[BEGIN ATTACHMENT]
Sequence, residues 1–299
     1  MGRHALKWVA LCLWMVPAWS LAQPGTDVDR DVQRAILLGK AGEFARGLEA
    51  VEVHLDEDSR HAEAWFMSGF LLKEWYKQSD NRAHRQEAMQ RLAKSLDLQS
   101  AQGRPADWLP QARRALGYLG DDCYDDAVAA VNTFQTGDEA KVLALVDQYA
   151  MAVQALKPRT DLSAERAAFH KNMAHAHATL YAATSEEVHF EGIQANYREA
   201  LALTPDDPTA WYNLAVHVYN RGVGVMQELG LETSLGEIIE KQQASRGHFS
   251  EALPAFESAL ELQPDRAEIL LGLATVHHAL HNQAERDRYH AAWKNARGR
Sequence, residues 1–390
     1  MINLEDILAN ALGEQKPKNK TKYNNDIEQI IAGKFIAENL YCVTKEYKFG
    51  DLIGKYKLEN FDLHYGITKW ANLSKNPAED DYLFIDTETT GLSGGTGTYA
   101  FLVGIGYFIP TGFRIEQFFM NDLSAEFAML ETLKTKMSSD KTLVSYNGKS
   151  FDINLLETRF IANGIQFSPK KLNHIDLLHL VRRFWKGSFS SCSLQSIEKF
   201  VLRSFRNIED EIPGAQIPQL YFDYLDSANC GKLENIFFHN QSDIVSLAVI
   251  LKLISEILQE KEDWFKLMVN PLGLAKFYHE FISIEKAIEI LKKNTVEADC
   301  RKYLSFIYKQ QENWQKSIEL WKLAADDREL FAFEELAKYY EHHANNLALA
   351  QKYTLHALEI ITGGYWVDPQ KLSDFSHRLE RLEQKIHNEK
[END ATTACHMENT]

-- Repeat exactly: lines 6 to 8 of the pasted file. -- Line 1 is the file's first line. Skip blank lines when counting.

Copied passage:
   201  LALTPDDPTA WYNLAVHVYN RGVGVMQELG LETSLGEIIE KQQASRGHFS
   251  EALPAFESAL ELQPDRAEIL LGLATVHHAL HNQAERDRYH AAWKNARGR
Sequence, residues 1–390